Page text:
Financial & Legal News

Is Menopause a Protected Characteristic?

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Menopause has been rejected by the government as a protected characteristic under the Equality Act but this does not mean employers can simply ignore it as an issue in the workplace.

The need for employers to have appropriate, lawful and compassionate workplace policies in place is now all the more relevant.

Many businesses have specific menopause policies in place and encourage the training of managers and staff to raise awareness about the symptoms and struggles that menopausal women face in order to hopefully prevent an exodus of talent.

Menopause in the workplace

A study in 2022 by the Fawcett Society found that 1 in 10 women had left a job during menopause, whilst Research Without Barriers found that when not supported by their employers, up to one million women in the UK could be forced out of their jobs.

Had menopause been made a protected characteristic it would have made it illegal to discriminate against those experiencing menopausal symptoms.

What are protected characteristics?

They are a specific set of characteristics that make it illegal to discriminate against and include age, disability and race, amongst others.

Partner and Employment Law Solicitor, Susan Mayall has advised many national employers about the menopause in the workplace and what it means for them and their business.

“Whilst as employment lawyers we would have welcomed clarity on this matter and a change in legislation but going forward, business owners can help to prevent problems occurring and by having a menopause policy in place is a great starting point.”

“One thing I would say though is that this policy needs to be actioned and worked upon over time in order to mitigate the risk of employment claims at a tribunal, training and having a respectful working environment is all part of the process,” added Susan.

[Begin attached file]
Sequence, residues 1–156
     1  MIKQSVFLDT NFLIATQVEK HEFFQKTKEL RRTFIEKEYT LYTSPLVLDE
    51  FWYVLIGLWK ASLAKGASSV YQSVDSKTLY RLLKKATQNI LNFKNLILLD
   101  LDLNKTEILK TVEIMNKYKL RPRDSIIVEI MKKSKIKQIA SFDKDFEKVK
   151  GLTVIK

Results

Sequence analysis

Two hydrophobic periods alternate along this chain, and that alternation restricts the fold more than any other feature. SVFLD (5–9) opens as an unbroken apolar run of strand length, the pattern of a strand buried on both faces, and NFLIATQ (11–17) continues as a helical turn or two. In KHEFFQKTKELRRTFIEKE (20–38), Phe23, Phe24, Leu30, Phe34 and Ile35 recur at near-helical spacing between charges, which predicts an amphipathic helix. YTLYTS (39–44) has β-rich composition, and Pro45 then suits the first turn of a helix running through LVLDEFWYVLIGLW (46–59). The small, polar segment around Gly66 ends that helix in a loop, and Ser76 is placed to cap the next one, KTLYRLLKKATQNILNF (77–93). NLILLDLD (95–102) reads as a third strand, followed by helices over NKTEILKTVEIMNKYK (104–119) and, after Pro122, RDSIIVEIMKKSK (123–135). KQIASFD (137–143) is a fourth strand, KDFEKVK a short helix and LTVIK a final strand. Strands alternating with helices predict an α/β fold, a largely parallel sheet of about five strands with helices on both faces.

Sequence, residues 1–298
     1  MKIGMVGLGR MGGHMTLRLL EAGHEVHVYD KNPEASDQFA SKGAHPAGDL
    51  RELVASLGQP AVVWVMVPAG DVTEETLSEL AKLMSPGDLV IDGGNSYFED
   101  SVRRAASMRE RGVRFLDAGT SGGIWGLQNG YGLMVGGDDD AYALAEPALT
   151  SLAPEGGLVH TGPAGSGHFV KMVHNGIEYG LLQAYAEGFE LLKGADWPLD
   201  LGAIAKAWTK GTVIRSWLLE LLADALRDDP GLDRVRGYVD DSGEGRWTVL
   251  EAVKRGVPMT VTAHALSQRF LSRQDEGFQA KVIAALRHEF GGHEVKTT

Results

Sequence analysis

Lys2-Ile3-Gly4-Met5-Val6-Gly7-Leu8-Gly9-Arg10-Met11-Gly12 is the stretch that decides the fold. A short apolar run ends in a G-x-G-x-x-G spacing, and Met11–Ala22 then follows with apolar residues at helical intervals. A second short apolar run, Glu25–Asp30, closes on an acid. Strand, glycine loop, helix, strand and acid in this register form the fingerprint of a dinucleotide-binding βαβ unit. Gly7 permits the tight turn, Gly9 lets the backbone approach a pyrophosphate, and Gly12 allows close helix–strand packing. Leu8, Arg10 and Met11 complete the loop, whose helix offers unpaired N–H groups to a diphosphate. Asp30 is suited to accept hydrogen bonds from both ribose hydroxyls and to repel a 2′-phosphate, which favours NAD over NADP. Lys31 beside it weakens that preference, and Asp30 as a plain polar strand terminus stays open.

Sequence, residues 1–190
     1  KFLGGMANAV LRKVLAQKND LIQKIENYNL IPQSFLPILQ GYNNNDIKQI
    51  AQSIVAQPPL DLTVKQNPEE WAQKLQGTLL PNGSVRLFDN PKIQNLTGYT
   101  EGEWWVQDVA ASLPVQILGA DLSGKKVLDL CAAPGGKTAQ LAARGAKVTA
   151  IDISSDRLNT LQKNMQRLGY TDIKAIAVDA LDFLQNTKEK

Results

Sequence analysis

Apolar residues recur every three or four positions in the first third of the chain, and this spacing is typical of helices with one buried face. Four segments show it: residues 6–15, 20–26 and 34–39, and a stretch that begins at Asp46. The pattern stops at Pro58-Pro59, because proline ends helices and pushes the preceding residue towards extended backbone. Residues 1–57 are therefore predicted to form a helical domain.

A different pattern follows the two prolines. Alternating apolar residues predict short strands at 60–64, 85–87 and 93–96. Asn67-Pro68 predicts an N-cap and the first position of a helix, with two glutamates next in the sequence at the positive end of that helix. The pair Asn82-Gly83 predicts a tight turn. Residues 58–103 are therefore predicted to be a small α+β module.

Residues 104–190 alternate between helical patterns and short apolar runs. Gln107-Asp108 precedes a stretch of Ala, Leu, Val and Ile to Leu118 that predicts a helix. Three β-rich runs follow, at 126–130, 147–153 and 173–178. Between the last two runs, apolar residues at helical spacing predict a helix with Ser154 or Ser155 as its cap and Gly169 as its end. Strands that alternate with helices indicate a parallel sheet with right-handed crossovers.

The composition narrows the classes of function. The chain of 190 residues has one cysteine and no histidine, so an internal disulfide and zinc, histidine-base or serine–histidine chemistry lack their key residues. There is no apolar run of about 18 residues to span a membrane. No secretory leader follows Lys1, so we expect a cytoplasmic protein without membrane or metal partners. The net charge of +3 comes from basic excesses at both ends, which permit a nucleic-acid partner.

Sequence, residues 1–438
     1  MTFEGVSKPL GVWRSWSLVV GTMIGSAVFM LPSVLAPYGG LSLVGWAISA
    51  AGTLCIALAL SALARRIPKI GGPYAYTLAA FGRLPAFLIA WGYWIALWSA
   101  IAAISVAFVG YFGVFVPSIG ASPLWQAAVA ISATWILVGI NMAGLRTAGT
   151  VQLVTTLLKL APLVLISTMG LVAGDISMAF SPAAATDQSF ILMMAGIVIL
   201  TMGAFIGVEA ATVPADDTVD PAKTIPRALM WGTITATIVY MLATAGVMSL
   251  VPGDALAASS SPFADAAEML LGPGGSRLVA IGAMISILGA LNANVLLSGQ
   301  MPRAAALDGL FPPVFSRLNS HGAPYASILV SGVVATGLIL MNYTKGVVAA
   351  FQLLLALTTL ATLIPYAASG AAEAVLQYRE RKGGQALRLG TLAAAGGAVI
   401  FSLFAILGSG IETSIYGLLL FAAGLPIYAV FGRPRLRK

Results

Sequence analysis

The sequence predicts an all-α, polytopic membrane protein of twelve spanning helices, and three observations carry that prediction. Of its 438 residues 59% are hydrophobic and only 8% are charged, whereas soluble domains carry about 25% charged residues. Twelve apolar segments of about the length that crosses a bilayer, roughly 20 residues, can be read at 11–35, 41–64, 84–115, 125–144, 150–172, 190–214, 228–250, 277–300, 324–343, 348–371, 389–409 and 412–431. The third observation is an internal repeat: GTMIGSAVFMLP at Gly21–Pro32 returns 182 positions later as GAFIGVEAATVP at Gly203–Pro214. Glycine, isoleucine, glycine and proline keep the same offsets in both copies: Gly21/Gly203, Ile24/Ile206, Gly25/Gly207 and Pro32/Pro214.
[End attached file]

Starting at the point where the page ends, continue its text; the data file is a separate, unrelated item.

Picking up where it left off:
UK Government rejects the Menopause as a Protected Characteristic

The government rejected the proposal, warning of “unintended consequences which may inadvertently create new forms of discrimination, for example, discrimination risks towards men suffering from long-term medical conditions.”

“However, there still might be occasions when employers could find themselves facing complaints from staff going through the menopause if their symptoms are not taken seriously and so having a menopause policy backed up with the evidence of training, support and advice is always a good idea,” added Susan.

How can we help

For legal advice and guidance on all aspects of employment law contact our specialist Employment Law Solicitors on 0161 785 3500 or email 

Please note that the information and opinions contained in this article are not intended to be comprehensive, nor to provide legal advice. No responsibility for its accuracy or correctness is assumed by Pearson Solicitors and Financial Advisers Ltd or any of its members or employees. Professional legal advice should be obtained before taking, or refraining from taking, any action as a result of this article.

This blog was posted some time ago and its contents may now be out of date. For the latest legal position relating to these issues, get in touch with the author - or make an enquiry now.

Written by Susan Mayall


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